GrowCocoa is a nonprofit organization focused on sustainably and responsibly securing the future of the global cocoa supply chain through shared value, linking the farm to the fork, and improving the livelihoods of cocoa farmers and their families.
Formalized in 2012, GrowCocoa solidifies the commercial link between Blommer Chocolate Company, the largest cocoa processor and ingredient chocolate supplier in North America, and Olam International Limited, a global integrated supply chain manager of agricultural products and food ingredients. GrowCocoa is a permanent, resource-stable structure able to move the shared cocoa sustainability vision forward.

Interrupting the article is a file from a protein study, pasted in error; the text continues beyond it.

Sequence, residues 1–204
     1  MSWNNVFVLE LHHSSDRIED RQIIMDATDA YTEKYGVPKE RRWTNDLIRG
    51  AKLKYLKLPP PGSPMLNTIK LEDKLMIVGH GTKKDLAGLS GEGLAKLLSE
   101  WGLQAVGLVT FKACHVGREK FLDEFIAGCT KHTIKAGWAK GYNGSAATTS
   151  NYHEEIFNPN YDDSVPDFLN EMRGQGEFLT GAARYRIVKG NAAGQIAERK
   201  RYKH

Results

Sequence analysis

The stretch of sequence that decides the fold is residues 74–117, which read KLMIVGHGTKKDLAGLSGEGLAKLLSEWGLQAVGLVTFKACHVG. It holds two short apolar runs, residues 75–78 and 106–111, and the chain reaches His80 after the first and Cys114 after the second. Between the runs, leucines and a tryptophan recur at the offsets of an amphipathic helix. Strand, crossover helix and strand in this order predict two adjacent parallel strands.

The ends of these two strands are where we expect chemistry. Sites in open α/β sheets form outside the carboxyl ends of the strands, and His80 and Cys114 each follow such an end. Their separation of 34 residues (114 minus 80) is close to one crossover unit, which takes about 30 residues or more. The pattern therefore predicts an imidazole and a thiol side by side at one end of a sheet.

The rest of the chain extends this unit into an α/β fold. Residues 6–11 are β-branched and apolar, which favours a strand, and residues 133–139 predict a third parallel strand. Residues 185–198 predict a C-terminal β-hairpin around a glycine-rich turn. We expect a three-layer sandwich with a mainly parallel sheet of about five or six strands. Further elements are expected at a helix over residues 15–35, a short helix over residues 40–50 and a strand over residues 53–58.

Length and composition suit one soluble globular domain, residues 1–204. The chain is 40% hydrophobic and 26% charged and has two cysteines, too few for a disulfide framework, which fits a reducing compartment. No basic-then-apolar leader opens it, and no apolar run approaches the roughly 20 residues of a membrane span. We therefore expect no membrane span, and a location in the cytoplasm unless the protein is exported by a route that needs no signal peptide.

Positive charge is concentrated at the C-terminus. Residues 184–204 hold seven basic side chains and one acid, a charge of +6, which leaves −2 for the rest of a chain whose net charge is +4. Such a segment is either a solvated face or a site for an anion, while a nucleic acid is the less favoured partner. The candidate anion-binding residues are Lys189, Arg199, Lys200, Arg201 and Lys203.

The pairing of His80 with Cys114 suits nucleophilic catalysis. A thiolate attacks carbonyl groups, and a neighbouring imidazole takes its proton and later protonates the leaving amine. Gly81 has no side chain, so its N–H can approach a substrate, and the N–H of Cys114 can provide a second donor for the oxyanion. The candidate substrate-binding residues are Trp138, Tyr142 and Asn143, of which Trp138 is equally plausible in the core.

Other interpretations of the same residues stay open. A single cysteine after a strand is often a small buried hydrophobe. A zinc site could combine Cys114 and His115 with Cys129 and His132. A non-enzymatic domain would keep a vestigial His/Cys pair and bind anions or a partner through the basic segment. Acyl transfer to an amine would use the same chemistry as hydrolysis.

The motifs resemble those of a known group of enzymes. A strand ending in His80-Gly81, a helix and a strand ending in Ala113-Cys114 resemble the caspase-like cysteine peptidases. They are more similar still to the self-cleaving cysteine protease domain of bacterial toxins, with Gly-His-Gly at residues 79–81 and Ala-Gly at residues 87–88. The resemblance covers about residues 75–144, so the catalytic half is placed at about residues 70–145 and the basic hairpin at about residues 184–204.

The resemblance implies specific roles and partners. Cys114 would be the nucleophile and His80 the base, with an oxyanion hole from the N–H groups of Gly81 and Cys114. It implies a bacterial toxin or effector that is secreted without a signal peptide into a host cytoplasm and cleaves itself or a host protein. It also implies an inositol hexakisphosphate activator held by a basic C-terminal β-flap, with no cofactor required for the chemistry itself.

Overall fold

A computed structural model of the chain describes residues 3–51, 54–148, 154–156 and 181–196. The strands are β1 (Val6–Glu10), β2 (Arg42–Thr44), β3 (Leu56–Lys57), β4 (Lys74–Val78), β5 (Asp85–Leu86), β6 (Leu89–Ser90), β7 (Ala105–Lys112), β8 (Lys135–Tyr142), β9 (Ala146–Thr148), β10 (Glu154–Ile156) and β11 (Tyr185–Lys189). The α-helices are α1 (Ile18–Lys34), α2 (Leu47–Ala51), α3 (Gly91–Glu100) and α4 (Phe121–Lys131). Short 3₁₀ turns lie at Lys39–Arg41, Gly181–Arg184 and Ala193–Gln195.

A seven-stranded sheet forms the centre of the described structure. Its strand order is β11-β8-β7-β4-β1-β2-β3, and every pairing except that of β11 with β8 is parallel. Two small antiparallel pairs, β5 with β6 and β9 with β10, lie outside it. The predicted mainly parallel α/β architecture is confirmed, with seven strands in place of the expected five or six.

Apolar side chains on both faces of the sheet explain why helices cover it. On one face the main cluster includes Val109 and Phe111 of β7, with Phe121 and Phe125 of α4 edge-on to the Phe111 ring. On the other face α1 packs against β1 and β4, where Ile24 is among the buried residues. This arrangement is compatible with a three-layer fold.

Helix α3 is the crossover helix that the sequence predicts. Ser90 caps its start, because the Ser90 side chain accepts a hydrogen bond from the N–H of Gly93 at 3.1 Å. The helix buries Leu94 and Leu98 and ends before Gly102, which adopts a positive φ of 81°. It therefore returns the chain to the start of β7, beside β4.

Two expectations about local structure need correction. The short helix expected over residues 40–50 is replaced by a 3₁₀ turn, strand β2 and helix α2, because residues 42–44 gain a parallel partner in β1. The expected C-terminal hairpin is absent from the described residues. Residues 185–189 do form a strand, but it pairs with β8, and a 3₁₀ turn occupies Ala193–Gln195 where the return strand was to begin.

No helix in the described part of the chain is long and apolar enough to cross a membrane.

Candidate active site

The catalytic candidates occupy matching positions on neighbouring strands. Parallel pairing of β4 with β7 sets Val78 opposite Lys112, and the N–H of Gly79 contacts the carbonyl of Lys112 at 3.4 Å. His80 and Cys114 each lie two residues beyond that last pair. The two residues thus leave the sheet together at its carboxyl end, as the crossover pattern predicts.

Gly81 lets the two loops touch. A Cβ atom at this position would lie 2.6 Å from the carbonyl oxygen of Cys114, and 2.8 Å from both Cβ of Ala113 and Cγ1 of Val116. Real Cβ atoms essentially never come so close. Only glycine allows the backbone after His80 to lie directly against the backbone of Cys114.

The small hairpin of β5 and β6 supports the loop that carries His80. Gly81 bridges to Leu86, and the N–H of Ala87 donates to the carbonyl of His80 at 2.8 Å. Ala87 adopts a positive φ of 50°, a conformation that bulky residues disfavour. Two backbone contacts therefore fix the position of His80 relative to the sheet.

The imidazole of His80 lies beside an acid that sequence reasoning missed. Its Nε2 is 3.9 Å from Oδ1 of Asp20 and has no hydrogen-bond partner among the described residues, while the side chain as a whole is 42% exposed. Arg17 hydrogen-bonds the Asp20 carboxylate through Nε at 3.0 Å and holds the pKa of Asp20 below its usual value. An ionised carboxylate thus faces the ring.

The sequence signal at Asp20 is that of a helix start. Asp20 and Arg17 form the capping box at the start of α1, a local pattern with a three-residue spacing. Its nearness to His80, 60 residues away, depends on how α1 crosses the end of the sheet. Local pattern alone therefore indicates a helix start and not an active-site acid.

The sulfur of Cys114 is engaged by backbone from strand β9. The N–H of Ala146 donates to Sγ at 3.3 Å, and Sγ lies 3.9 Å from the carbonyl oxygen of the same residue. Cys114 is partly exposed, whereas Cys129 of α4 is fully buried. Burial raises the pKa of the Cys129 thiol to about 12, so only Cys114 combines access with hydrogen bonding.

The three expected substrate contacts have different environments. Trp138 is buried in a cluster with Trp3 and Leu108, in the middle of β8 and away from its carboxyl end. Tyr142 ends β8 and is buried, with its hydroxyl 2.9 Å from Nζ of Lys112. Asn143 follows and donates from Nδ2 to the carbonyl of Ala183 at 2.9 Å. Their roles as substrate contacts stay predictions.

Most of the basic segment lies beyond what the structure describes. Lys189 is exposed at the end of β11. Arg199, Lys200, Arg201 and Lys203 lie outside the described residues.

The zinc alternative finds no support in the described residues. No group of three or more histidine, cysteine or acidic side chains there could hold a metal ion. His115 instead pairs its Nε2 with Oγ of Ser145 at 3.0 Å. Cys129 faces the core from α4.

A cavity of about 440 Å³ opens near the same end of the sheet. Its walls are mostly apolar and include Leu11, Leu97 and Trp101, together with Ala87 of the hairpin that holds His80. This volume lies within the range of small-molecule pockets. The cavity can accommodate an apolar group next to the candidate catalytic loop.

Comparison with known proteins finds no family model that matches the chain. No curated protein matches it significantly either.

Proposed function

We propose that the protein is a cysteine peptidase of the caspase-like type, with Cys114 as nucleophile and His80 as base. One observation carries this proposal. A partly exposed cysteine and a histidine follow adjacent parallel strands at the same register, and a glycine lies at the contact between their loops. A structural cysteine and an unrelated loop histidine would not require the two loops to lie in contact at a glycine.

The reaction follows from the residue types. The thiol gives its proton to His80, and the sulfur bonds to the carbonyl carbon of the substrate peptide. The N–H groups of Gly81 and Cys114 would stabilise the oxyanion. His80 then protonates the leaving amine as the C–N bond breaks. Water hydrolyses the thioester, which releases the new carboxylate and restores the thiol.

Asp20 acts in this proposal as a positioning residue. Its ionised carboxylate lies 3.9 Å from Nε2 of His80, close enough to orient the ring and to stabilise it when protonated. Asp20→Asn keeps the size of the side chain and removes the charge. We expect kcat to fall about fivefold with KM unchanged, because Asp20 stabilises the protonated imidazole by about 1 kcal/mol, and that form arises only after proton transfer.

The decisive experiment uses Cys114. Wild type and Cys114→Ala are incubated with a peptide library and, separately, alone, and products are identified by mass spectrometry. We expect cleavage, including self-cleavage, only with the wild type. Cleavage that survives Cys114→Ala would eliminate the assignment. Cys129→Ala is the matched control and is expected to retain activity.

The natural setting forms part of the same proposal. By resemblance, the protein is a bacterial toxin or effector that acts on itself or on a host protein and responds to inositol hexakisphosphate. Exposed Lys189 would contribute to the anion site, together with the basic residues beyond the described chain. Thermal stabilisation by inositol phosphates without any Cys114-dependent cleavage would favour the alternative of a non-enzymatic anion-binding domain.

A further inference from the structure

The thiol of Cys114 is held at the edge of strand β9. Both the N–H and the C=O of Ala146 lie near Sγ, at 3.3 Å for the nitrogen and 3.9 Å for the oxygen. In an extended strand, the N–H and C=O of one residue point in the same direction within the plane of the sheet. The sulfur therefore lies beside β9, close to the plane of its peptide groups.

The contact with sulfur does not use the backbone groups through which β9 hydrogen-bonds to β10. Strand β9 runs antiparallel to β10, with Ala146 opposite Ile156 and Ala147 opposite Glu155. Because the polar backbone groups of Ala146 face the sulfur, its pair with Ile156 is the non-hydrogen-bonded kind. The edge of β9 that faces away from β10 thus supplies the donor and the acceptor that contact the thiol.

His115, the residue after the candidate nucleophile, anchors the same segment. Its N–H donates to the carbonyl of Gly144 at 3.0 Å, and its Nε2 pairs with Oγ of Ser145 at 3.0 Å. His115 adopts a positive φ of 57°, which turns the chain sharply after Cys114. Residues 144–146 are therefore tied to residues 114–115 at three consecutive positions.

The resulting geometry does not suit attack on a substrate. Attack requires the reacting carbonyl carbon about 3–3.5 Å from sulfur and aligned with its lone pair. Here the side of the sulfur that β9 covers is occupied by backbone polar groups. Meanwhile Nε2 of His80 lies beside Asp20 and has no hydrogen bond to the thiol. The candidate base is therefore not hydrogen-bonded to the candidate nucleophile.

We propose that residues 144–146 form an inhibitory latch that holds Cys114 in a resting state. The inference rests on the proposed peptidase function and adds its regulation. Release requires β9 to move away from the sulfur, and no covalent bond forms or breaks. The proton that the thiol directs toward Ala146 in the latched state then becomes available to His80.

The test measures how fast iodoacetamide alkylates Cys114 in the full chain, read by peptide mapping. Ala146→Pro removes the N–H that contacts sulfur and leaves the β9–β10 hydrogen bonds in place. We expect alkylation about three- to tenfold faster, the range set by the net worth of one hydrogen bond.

Blommer and Olam have been working together in addressing cocoa sustainability since 2004, when they established SAFOB (Sulawesi Alliance of Farmers Olam & Blommer) in Indonesia. Adapted for Côte d’Ivoire in 2007, Côte d’Ivoire Farmers Olam & Blommer (CIFOB) was born.
Rooted in both Blommer Chocolate Co. and Olam International sustainability programs, GrowCocoa is well represented within the Blommer Sustainable Origins™ and Olam Livelihood Charter sustainability plans.